The following is a guest post from Jillian Scharr:
Jillian Scharr is a recent graduate of Vassar College and a lifelong daydreamer. She floats between jobs and cafes in the greater NYC area, writing about videogames and computers and fictional characters.
1984’s Big Brother. Brave New World’s Mustapha Mond. The Matrix’s Architect. Always our dystopian future overlords are overwhelmingly male. If feminine imagery shows up at all in these ravaged political landscapes, it’s as an agent of chaos that operates in reaction to the masculine hegemony.
That’s why I was particularly interested in Mind of Man, a quirky and frankly creepy smartphone app. It’s sort of a game, and sort of a really well-designed Twitter aggregator, so it’s a little hard to talk about. There is a narrative and a game world; tweets are presented as the primary means by which an entity called MOM (Mind Of Man) enforces social control. The aesthetic is a 50s-style blend of wry and kitschy: cracked cement walls, posters with block letters and solid colors, and propaganda scrawled over every digital surface.
Basically, what it does is read public Twitter feeds and perform something called “sentiment analysis.” It rates users’ tweets based on a variety of factors and then synthesizes a “MindPrint,” your personal equivalent of an ID number in MOM’s surveillance regime.
By making the means of our oppression a personalized emotion-based MindPrint instead of a number or an invasive procedure, Mind of Man’s feminine overlord does incorporate some of the traditional tropes of the gender it presents. However, it completely avoids the trope of making a powerful woman’s sexuality the seat of her authority. MOM does not have a body–MOM is never referred to by a gender-specific pronoun. For an otherwise extremely Orwellian app, Mind of Man completely lacks the gendered power play that defined 1984 and its Big Brother figure.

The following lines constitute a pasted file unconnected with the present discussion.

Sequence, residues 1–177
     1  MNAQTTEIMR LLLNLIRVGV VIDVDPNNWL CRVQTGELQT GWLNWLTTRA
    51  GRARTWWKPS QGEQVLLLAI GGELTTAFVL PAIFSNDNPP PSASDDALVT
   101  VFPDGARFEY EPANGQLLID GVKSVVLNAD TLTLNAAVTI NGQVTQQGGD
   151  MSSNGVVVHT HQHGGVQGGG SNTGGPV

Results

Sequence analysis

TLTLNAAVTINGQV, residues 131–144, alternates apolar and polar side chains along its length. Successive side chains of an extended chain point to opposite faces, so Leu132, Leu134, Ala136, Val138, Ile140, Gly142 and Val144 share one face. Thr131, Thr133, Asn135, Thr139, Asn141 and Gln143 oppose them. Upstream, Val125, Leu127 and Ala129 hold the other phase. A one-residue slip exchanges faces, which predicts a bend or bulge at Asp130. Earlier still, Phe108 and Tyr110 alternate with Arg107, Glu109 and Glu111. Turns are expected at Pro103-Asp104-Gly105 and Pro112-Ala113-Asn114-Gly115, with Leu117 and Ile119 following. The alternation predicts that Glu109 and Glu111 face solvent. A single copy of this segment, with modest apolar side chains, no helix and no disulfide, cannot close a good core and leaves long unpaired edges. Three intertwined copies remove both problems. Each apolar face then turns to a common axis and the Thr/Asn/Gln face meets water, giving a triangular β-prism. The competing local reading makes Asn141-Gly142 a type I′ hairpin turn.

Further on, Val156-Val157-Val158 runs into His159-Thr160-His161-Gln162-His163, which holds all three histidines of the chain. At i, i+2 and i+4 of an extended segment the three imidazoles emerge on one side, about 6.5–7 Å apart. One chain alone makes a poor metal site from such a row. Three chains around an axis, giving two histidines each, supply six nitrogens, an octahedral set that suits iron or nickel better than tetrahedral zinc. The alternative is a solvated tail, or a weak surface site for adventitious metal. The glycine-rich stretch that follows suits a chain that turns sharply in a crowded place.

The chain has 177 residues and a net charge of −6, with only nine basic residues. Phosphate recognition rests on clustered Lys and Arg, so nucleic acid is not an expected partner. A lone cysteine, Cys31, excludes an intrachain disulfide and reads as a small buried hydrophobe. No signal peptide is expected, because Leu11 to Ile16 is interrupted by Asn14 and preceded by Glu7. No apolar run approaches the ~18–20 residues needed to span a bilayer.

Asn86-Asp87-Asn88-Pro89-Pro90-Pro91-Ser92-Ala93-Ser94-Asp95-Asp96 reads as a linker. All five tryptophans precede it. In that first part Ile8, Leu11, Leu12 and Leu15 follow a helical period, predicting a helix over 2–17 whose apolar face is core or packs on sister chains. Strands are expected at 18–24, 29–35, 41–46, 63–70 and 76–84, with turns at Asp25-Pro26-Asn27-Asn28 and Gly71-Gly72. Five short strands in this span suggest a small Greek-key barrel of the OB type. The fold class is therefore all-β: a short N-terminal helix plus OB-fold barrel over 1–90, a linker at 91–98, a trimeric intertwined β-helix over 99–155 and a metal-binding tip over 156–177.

All in all, is this a big deal? Probably not. Mind of Man is a little app, and what attention it’s received is due not to its narrative of maternal overlordship, but rather to the A.I. that powers it. An article on Gamasutra a few weeks ago, for example, discussed the ways that Mind of Man’s complex moral spectrum algorithms could bring more nuanced and personalized choices to traditional RPGs.
Still, I liked the app’s tongue-in-cheek presentation of the omniscient and ominously benevolent MOM. It got me started on thinking about presentations of dystopia, and how they usually come in a paternal or fraternal vessel instead of a maternal one. I’ll definitely be keeping my eye on MOM–and I know MOM will be keeping an eye on me.